Duke Caboom's Big Jump - Toy Story 4

Toy Story 4 is one of Pixar’s newest cinematic masterpieces, I’d say. It’s filled with adventure, rebellion, suspense, youthful innocence, the dream that toys can come alive, a love story, and, the best of all, a Canadian daredevil. Duke Caboom is one of the most charming, slightly egotistical, and ironically comical characters the movie has to offer. 
He's also a little self-deprecating but it makes for the big scene at the end of the movie I'll be analyzing. On a mission to save Bonnie, the toys' owner, and Forky, the newest member of the toy family, Duke Caboom takes a big risk and makes a big jump off the arm of a Ferris wheel.

In the scene, he hops off the center axis of the Ferris wheel on his bike, landing on one of the upward-moving arms. He then goes as fast as he can, reaching the end of the higher elevated platform and lifting himself off at the last second. The target he is aiming for is below him, though, making it a little easier to reach. According to the movie scene, the target is 40 feet away, but it looked a little farther than that so I estimated about 15 meters. Duke also leaves at a height that is approximately 9.5 meters from the target, and an angle of 22.5 degrees- 360 degrees divided by the 16 arms on the wheel. Of course, he makes the jump and sticks the landing, sort of. But how fast must he be going to make it?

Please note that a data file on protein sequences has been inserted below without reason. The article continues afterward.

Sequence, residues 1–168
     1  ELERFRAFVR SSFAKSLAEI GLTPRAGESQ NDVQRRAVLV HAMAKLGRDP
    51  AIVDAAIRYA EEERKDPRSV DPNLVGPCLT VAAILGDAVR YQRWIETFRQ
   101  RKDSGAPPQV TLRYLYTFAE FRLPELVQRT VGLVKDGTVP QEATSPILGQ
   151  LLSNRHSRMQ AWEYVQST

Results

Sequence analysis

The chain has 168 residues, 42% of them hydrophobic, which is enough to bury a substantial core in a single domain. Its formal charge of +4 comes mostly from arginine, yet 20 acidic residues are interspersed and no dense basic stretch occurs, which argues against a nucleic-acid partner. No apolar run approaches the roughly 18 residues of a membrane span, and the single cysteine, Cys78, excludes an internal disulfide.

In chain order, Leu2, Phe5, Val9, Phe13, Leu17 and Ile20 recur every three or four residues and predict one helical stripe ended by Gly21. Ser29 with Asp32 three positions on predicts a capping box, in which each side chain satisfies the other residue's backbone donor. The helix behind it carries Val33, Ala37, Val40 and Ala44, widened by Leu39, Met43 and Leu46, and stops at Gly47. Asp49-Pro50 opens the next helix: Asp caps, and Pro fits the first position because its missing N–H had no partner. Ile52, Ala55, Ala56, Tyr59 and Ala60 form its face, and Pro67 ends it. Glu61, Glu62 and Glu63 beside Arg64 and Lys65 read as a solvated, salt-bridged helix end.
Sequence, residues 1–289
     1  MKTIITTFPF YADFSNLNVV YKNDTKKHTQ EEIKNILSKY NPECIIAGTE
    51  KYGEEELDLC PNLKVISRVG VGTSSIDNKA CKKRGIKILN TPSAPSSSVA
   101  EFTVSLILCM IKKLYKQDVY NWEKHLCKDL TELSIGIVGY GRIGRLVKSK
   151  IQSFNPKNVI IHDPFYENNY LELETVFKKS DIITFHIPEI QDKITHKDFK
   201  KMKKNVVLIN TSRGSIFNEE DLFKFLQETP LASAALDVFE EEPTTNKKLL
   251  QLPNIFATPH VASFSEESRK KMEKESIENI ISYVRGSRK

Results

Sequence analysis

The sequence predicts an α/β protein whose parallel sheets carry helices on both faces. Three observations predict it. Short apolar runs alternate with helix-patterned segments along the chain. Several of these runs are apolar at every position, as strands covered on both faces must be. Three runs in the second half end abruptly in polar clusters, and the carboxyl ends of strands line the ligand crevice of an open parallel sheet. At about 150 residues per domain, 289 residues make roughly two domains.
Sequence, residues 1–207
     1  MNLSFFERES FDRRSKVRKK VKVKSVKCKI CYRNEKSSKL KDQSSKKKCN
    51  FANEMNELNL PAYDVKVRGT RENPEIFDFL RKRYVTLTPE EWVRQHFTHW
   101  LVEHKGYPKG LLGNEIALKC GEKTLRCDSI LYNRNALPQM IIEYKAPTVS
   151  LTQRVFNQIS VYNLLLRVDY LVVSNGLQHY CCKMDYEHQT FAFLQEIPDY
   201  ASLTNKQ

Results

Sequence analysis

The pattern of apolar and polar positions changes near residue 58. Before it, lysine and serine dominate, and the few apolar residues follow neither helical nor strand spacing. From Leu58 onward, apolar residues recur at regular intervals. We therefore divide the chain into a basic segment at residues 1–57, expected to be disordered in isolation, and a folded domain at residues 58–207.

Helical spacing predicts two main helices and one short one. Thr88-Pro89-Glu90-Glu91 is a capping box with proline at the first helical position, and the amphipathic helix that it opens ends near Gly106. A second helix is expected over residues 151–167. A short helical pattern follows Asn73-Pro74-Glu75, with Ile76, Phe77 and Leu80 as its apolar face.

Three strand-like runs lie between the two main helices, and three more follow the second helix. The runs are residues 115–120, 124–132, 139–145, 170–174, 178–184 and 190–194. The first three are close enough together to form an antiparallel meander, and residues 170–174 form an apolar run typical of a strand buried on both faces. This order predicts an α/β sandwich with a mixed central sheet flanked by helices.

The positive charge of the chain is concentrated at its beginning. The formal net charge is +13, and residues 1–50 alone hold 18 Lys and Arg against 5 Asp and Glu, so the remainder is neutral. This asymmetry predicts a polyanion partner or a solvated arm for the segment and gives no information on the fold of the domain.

By using a kinematic equation for both the x and y directions and substituting time in the y-equation with x-values, I was able to come up with an equation that would give me Duke Caboom's initial velocity. After plugging in all the values I knew, including distance, acceleration, and the angle at which the platform was at, his initial velocity came out to be 9.07m/s. This converts to about 20.3mph. To put that in perspective, the average cyclist can reach between 10 and 12 miles per hour. Most toy cars only move at approximately 1.5-3.5 mph. So, that must be one powerful bike Duke has. It also makes out that he has an air time of about 1.79 seconds, which makes sense if his tiny toy bike had enough horsepower to propel him at 20 miles an hour. It's hard to tell from the movie what his actual air time is though since this part of the scene is in slow motion. All in all, a very awe-striking scene, but not very convincing physics-wise.


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